Tinsley ouster: DMB claims it didn’t know about alleged predatory behavior

Former DMB violinist Boyd Tinsley denied allegations of sexual harassment.
Jason Moore / Zumapress.com Former DMB violinist Boyd Tinsley denied allegations of sexual harassment. Jason Moore / Zumapress.com

In a move that has Charlottesville and the music world reeling, the Dave Matthews Band parted ways with longtime violinist Boyd Tinsley, 54, late May 17 following an explosive story that detailed a lawsuit against Tinsley for alleged sexual assault, harassment and long-term grooming.

Tinsley has denied the allegations in an online music news site Consequence of Sound article and in the lawsuit.

He had previously announced he would not be touring with the band February 2, the same day an attorney for James Frost-Winn filed a demand letter to settle his claims of assault and harassment. On Twitter, Tinsley said he needed a break to focus on his family and his health.

A statement from DMB says, “Though Boyd is no longer a member of the band, we are shocked by these disturbing allegations and we were not previously aware of them.”

Some find it hard to believe band members and Red Light Management knew nothing of Frost-Winn’s allegations, and social media lit up following the story.

“Of course they knew. The whole town has been calling it Fiddlegate for years,” says @arkSHOP on Twitter.

“A lot of the town knew,” says musician Jamie Dyer on Twitter. “I drew the line with Boyd in the early ’80s and he never messed with me again.”

Songwriter Lauren Hoffman writes on Facebook that three young men “separately confided their experiences to me” in the late ’90s.

Frost-Winn was 18 and homeless when he first met Tinsley in 2007. The two became friends, and in 2014, Frost-Winn joined Tinsley’s Crystal Garden band.

He filed a $9 million lawsuit May 17 in Washington state alleging Tinsley created a hostile work environment “where compliance with sex-based demands was tied to the band’s success,” Consequence of Sound reports.

Frost-Winn, a trumpeter, says Tinsley often requested his and band members’ dirty socks, and he describes waking to Tinsley masturbating beside him with his hand on Frost-Winn’s butt. Tinsley blamed the incident on a pill mix-up, according to court documents.

The two slowly became friends again with Tinsley bestowing gifts on the young man. But he also began sending more sexually explicit texts. A screenshot of a March 18, 2016, text from Tinsley calls Frost-Winn “boner material” and says he’s masturbating to the thought of photos of Frost-Winn and suggests he shave his pubic hair for an upcoming photo shoot.

“You are the dirty pretty boy of the band,” says the alleged Tinsley text. “I have to sexually exploit you as much as I can without looking like I’m sexually exploiting you. I’m in full jerk right now, catch you later.”

In 2016, Frost-Winn left Crystal Garden.

His is not the first lawsuit filed against Tinsley. Getty Andrew Rothenberg, Tinsley’s former personal assistant, filed a $10 million suit in 2015 that alleged Tinsley’s “cult of personality has a dark side that Tinsley has gone to great lengths to hide,” and claimed Tinsley was a “sexual predator” who used gifts, jobs and access to other celebrities “to gain leverage over the people in his world which he currently calls Narnia.”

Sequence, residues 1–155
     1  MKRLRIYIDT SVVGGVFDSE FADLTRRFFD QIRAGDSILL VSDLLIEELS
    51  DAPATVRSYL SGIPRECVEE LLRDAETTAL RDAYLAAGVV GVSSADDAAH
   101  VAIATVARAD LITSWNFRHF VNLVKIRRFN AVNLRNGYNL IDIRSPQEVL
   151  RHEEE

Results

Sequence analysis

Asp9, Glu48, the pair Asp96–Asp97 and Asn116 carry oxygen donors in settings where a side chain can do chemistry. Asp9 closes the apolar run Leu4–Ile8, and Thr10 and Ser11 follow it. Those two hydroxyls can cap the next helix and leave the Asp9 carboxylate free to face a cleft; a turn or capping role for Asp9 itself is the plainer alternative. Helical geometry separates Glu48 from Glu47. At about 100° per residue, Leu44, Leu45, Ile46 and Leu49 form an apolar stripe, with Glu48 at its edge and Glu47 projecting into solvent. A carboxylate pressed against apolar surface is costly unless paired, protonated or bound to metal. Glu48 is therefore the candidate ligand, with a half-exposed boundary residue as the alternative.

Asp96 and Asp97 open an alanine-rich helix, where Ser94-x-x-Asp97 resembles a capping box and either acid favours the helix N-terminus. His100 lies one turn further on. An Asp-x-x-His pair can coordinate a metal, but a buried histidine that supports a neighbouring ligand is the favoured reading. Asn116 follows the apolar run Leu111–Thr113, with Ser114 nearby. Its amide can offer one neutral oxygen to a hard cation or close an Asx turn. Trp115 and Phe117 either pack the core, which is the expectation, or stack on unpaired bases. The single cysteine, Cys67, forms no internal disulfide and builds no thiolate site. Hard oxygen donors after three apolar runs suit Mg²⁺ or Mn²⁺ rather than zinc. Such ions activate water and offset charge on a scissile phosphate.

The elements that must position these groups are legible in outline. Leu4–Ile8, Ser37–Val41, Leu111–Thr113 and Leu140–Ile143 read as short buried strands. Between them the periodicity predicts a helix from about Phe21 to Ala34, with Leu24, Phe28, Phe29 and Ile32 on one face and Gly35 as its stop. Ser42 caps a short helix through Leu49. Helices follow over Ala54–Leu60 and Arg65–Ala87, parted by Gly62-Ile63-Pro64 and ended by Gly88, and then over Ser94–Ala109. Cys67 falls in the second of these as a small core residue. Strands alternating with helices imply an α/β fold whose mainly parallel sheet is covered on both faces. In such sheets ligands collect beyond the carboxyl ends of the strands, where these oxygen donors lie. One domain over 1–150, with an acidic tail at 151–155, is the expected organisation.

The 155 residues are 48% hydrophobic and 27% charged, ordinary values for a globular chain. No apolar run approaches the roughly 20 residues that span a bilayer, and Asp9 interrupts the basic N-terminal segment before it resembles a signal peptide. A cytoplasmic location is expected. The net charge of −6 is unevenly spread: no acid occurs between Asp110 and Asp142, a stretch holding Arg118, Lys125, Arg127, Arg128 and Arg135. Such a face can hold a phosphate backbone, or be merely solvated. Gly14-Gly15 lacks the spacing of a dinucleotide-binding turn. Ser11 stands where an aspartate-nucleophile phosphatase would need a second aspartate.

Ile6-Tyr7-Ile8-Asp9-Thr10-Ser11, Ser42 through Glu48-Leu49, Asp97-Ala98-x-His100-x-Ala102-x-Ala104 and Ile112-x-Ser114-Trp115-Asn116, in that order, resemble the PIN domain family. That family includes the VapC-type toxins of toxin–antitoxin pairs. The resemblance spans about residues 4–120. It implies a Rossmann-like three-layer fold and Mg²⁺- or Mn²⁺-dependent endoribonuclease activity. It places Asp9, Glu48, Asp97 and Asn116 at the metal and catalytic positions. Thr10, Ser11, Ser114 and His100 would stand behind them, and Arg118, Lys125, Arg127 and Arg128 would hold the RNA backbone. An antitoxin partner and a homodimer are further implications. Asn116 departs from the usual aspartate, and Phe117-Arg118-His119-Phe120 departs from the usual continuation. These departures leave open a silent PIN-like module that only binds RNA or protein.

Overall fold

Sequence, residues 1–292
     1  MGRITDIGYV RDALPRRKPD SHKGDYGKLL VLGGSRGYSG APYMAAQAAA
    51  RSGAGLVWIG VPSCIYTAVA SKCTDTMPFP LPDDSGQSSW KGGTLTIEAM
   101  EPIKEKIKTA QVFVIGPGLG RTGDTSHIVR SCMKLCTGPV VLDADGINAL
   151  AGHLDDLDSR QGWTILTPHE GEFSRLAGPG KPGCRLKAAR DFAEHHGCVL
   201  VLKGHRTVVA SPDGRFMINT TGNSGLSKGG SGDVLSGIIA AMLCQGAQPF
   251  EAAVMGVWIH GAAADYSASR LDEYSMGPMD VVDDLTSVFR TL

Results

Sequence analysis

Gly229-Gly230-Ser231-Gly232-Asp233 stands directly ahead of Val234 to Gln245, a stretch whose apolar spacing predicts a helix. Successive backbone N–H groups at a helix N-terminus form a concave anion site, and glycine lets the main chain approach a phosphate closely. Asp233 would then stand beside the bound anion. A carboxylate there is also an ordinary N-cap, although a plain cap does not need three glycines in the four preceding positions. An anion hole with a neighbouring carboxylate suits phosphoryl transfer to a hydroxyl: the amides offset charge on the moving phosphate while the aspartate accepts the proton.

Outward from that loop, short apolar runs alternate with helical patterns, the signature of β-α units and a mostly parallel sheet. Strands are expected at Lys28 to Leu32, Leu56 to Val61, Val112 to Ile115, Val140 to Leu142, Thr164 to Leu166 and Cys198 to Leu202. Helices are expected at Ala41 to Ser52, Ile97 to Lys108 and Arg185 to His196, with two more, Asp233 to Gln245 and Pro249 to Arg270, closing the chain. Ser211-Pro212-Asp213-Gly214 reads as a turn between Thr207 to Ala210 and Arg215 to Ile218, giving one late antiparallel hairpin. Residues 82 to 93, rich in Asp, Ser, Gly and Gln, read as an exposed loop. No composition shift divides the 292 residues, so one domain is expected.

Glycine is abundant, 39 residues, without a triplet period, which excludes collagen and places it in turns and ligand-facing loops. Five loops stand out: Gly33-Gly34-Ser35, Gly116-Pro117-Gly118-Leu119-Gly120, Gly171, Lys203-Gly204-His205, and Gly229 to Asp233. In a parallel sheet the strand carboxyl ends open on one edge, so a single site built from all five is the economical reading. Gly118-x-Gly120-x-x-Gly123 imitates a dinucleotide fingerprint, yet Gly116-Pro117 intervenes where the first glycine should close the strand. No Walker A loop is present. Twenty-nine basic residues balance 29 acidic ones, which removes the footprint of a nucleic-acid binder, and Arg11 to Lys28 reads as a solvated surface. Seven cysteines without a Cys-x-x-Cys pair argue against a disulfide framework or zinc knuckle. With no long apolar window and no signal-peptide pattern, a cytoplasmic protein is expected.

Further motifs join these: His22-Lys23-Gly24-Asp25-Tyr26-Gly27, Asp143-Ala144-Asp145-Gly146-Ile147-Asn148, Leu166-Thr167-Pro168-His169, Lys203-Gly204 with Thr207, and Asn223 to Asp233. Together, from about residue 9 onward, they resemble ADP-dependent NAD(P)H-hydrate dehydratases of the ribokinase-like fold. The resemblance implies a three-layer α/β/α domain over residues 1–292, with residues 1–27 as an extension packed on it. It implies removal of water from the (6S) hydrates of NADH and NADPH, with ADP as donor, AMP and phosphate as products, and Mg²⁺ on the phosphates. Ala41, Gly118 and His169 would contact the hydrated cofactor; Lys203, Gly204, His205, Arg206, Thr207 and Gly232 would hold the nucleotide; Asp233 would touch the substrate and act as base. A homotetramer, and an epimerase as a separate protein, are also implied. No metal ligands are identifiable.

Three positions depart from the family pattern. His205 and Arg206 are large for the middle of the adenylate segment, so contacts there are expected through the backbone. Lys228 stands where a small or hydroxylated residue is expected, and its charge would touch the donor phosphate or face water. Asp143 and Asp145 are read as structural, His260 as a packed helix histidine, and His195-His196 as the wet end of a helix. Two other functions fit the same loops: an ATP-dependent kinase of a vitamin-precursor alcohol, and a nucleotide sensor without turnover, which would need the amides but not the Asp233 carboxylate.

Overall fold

Rothenberg described eight unidentified people who had allegedly been victimized by Tinsley. Rothenberg was convicted of embezzling from Tinsley between 2009 and 2012, sentenced to nine months in prison and ordered to pay $1.25 million in restitution. The lawsuit was thrown out.

“Everyone knew,” says a local familiar with the band who spoke only on the condition of anonymity. “There’s going to be other people coming out.” The source says rather than getting Tinsley help, those around him “enabled” his behavior.

“This was an open secret within the company,” says a former Red Light employee, who also spoke only on the condition of anonymity.

“The band was not aware of these allegations until they read about them yesterday in the media,” says DMB publicist Allison Elbl in a May 18 email.

In a May 14 interview in Vulture before the Consequence of Sound story came out, Matthews says, “I have a deep love for Boyd, and he has to deal with his stuff. In many ways, I’m sure it would’ve been a lot easier for him to just say, ‘I’m good. Let’s go play.’ But you can’t just throw yourself away, your wellness away, because you play violin in a band. It doesn’t make any sense to do that.”

Matthews adds, “I can’t say, ‘I can’t wait till he comes back,’ because I don’t know what’s going to happen. But right now being away is better for him. Nobody is happy about this situation. Except that we’re happy he can figure some stuff out. I hope he does. But I’m going to miss having that whirling-dervish Adonis-Muppet over there on my right. I know the audience is, too. But we can’t serve that desire.”

For years, Tinsley has hosted the Boyd Tinsley Clay Court Classic, a women’s invitational tennis tournament at the Boar’s Head Sports Club, which was most recently held in April.

“We’re just talking it over right now,” says Boar’s Head marketing and communications manager Joe Hanning about the future of the tournament. He says he’s “shocked like the rest of Charlottesville.”

“I’m truly hurt by the one-sided account that appeared on a blog about me yesterday,” says Tinsley in a statement. “I will defend myself against these false accusations. …These accusations have caused embarrassment for my family, my friends and my fans. I will fight both in and out of court to repair the damage that has been done.”

Frost-Winn’s lawyer, Jason Hatch, responds to Tinsley’s denial in Rolling Stone: “We are disappointed in Mr. Tinsley’s complete lack of personal responsibility for his actions.”